The law does not allow publicly financed boards to discuss fiscal matters in closed sessions, Rogers said.

Rogers said state law is vague on whether publicly-financed boards need to keep minutes of closed sessions. Other states, including North Carolina, strictly require that closed session minutes be recorded and made available to the public once the reason for the closed session is no longer valid.

An instance of the latter would be the settlement of a lawsuit. Closed door negotiations and discussions about the settlement could be kept secret only until the settlement was signed by all involved.

The announced reasons for the EOC's lengthy closed session Tuesday night was for a legal issue, a personnel issue and a contractual issue. It was originally scheduled to happen at the end of the meeting, but was moved to the beginning in an agenda adjustment made shortly after the meeting convened. Some agency directors were called into the session for various times before emerging.

Directors' reports on the agenda, which in previous meetings have taken a significant part of the open meeting, were quickly dispensed Tuesday night as director after director said she had no report to give.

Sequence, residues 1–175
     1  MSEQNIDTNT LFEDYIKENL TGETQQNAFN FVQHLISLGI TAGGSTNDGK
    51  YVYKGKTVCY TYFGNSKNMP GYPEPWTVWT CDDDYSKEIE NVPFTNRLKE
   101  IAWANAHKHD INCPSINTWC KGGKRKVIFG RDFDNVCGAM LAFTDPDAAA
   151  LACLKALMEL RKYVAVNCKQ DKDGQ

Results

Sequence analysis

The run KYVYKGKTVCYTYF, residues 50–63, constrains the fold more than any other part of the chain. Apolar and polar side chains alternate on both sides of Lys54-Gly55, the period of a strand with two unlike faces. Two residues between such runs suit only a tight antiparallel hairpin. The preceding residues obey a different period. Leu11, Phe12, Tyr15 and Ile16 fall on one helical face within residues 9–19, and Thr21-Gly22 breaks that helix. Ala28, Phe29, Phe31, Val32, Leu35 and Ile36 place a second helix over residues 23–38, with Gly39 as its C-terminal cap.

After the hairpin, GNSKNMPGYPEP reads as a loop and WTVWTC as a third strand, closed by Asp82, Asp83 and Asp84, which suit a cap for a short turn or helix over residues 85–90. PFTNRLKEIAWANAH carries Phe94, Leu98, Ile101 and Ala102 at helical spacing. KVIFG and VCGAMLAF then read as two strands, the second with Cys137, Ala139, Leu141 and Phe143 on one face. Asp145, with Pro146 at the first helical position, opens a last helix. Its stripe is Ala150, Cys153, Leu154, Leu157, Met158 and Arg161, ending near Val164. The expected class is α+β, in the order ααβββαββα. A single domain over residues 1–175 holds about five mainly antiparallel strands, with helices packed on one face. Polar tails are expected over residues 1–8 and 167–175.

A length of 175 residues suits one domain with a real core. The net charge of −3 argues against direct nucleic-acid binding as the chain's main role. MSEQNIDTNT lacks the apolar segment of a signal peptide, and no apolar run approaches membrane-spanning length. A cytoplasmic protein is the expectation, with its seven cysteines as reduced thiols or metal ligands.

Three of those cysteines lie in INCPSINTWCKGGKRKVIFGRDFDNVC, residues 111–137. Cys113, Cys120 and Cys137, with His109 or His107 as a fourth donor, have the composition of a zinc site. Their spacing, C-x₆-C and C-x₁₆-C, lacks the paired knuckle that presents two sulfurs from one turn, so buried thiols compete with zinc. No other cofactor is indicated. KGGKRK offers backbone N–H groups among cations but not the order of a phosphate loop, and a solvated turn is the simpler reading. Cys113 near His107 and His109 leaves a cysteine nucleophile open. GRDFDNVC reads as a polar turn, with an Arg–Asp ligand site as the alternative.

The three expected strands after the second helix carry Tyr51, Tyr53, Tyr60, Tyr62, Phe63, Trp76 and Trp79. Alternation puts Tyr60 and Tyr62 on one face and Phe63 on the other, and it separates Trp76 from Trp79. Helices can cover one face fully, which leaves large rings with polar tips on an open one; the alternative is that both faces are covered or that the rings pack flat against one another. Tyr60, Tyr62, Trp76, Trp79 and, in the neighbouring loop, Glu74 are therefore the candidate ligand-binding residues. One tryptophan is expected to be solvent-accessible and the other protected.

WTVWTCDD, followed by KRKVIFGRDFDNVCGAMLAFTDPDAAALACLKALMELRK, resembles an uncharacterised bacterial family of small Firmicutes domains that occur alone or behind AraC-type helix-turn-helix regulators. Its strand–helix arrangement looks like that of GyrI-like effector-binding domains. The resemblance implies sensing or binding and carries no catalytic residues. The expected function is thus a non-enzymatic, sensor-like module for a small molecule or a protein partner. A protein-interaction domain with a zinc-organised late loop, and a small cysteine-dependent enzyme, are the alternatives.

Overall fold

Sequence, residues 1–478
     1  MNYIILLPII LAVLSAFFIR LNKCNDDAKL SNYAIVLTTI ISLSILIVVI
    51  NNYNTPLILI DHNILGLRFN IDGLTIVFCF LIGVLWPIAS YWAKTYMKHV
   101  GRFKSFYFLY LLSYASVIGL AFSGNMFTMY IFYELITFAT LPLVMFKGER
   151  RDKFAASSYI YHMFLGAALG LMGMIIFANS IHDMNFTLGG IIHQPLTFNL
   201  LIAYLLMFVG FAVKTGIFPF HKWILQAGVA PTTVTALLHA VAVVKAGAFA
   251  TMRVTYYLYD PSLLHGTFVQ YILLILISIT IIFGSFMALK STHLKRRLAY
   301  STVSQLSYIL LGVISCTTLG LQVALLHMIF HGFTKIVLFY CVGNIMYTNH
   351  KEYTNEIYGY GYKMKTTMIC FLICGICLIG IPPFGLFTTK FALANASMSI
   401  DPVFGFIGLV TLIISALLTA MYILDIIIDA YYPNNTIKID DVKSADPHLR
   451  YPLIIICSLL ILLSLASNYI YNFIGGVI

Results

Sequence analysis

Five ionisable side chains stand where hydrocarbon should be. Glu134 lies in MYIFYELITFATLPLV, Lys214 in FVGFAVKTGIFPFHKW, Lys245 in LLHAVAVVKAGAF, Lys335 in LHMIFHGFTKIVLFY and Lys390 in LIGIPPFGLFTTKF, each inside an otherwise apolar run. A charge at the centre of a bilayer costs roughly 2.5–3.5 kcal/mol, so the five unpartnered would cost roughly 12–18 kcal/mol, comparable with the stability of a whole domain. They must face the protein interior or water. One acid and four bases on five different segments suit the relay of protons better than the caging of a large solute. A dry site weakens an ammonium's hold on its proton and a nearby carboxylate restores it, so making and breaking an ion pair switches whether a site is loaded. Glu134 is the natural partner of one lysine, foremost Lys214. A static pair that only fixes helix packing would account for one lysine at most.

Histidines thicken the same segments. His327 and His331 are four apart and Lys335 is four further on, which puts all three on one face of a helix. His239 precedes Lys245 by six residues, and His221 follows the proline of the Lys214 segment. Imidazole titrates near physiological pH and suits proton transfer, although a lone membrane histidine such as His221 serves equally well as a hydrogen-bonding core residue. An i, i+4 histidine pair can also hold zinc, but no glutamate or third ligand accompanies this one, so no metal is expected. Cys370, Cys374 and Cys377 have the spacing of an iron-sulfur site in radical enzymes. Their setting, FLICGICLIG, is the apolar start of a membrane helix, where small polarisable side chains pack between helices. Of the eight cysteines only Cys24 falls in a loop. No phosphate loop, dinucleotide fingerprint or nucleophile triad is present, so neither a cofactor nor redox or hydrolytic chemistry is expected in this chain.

After the meeting, Grate gestured to a staff member and said that the amount of payment to lawyers would be available from her Wednesday. But that was not the case.

"I've already been instructed I can't answer any questions without it going through the [Freedom of Information Act] request," Sharon Boyd, the agency's human resources director, said Wednesday.

She said the rule applied to all requests for public information from the agency.

Grate said Tuesday night he didn't know the exact amount and bristled at questions about it after the closed session. He was unmoved to provide answers by a statement that the agency is spending taxpayer- money and that taxpayers have a legal right to know how that money is spent.

Among the quick-fire approvals board members gave items after the closed door session Tuesday night was of a policy for FOIA requests, the process for which is clearly detailed in state law.

Waccamaw EOC's new policy requires that all requests be immediately forwarded to Grate and the agency's attorney who will decide how it will be handled, then to a staff member who will gather the information. That will then be sent back to Grate and the attorney.

The policy states that people who expect to have their FOIA requests fulfilled also can expect to be billed 25 cents per page of material that is produced and for the time of the person instructed to gather it.

Rogers said the agency would also incur expenses with each request because the agency cannot charge an attorney's fee to twice review the requests to the person making the inquiry.

He said that the extended closed door session Tuesday and the new FOIA policy should raise red flags to the public.

"This is a true tribute to bureaucratic waste and it violates the spirit of the law,' he said. "When you see this much effort to keep the public from getting information, there must be a reason."